July 28, 2016
        Mike Mills' "20th Century Women" is the Centerpiece of the 2016 New York Film Festival                A Teaser Trailer for "Justice League" suggests a really fun blockbuster                "Blair Witch" and "Wonder Woman": Comic-Con unleashes a ton of buzz worthy Trailers                Hollywood Contenders: Looking at potential Best Actress contenders                "Star Trek Beyond" is a rare success for the 2016 summer movie season                The 2016 New York Film Festival will open with Ava Duvernay's documentary "The 13th"                Ryan Gosling and Emma Stone make us swoon as "La La Land" drops a luminous Teaser Trailer                "Loving" announces itself as an awards player with a great Trailer                Hollywood Contenders: New Oscar Predictions for July                Woody Allen has another crowd pleaser on his hands with "Cafe Society"                Hollywood Contenders: Looking at potential Best Actor contenders                Kristen Stewart shines in the sci-fi love story "Equals"                'Ghostbusters' is an excellent re-invention of the classic franchise                Hollywood Contenders: Looking at potential Best Director contenders                "Captain Fantastic" is one of the year's most pleasant surprises        

Tag Archives: The Ladies Man

“MacGruber” is a bomb, while “The Square” rivets with unpredictable thrills

By Sean O’Connell
MacGruber (*1/2 out of 4)
If Pixar and its animated output is Hollywood’s safest bet, then full-length features derived from brief “Saturday Night Live” skits have to be the industry’s riskiest gamble. It’s possible you’ll end up with a “Blues Brothers” or a “Wayne’s World,” comedies that extend their single-joke premise and expand the universe for their potentially amusing characters. But more often than not, you’re destined for an unimaginative dud like “The Ladies Man,” “It’s Pat,” “A Night at the Roxbury,” “Superstar” and, now, “MacGruber.” Why do studios continue to green light such projects? Russian roulette players have better survival rates.
The running gag in a “MacGruber” sketch is that the incompetent hero, played by Will Forte as a poor-man’s version of Richard Dean Anderson’s television adventurer MacGuyver, usually explodes right before he does something lewd or ridiculous. In a recent episode, a bomb MacGruber meant to disarm goes off right before he French kisses his grandmother (Betty White).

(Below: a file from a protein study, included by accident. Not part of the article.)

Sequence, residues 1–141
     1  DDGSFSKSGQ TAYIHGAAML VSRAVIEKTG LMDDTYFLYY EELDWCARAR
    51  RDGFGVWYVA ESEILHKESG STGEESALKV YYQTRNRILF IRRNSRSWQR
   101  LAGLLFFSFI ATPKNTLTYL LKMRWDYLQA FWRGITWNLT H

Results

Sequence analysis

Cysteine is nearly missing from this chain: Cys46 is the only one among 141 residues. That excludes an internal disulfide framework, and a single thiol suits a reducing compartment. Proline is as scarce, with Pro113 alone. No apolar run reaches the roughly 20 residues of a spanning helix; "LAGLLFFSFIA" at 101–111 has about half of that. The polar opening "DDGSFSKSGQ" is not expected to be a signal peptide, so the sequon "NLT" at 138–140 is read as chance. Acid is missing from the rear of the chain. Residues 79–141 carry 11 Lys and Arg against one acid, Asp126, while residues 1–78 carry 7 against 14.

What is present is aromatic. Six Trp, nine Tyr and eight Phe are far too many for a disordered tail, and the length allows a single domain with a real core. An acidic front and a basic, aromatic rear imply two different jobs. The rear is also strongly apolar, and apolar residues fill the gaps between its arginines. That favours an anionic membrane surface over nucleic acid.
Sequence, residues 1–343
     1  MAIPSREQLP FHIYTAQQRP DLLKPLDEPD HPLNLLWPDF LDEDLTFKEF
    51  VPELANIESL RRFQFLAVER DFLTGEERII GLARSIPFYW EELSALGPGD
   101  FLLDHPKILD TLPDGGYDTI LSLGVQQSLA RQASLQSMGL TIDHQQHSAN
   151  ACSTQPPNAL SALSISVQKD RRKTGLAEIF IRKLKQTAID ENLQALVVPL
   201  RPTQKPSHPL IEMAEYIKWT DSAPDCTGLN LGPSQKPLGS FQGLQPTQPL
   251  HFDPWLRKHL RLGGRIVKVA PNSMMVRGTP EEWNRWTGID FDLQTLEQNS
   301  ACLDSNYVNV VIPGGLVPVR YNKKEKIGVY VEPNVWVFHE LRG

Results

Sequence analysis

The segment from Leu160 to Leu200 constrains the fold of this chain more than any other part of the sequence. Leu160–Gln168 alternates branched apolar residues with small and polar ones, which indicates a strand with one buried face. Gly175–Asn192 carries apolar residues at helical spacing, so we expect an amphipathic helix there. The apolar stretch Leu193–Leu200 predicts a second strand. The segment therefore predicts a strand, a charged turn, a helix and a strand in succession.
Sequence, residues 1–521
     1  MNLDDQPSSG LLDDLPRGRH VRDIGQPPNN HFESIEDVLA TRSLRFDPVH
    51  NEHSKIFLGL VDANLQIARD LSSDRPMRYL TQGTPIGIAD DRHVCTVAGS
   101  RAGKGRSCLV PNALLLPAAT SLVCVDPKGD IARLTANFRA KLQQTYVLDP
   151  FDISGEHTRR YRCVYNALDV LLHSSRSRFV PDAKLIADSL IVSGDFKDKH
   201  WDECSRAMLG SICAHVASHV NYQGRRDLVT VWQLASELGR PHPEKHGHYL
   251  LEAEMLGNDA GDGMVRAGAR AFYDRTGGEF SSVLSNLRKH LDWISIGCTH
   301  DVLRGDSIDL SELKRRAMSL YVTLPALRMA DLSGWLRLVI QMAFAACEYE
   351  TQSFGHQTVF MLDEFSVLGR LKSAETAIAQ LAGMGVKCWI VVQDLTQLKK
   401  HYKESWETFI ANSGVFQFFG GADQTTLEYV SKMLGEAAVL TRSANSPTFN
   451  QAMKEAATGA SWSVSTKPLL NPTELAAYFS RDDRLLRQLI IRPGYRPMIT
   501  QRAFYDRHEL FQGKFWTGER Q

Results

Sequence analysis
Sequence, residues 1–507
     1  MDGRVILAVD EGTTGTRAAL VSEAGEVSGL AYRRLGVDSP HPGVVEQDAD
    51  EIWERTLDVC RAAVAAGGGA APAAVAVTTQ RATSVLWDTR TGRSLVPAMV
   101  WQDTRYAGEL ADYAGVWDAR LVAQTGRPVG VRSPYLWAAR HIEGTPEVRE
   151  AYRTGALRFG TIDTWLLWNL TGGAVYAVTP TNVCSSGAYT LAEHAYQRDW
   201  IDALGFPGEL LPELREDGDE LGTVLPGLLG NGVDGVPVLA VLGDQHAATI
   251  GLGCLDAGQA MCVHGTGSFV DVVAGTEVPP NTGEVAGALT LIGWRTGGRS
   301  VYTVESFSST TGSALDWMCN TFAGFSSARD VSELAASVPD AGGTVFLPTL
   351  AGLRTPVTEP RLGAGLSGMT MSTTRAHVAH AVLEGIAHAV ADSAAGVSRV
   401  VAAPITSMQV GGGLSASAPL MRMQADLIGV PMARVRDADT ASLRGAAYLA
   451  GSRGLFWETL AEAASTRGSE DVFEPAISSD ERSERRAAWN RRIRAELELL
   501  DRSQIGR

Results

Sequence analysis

Without network censors breathing down their necks, Forte and his team (which includes writer-director Jorma Taccone and co-writer John Solomon) are able to show you how far they’re willing to go in a “MacGruber” sketch. It ain’t pretty. What starts as a smart send-up of 1980s action thrillers — with the deepest homage paid to Sylvester Stallone’s Rambo series — rapidly devolves into the usual, disgusting piss and shit jokes writers use as lame crutches. If MacGruber has his back against the wall and he feels he has exhausted all options, he’ll graciously offer to give another man a blowjob. In fact, he won’t take no for an answer. And when MacGruber needs to distract heavily armed terrorists, he strips naked and sticks a stalk of celery up his ass. Do these jokes make you laugh? You’re in luck. They’ll be repeated multiple times throughout this blessedly short “comedy.”
There’s not much to say about the acting in “MacGruber.” Forte’s his earnest, uninformed self, though he does affect an aggressive side when he stands off against Ryan Phillippe, cast as an all-American soldier and the straight man to Forte’s renegade. Phillippe’s presence kind of strips the usually funny Kristen Wiig of any motivation. She’s supposed to be MacGruber’s right-hand woman, but then she morphs into his love interest. She looks like she wishes she had funnier lines. So does Val Kilmer, who has a few inconsequential scenes as MacGruber’s arch nemesis, Dieter […]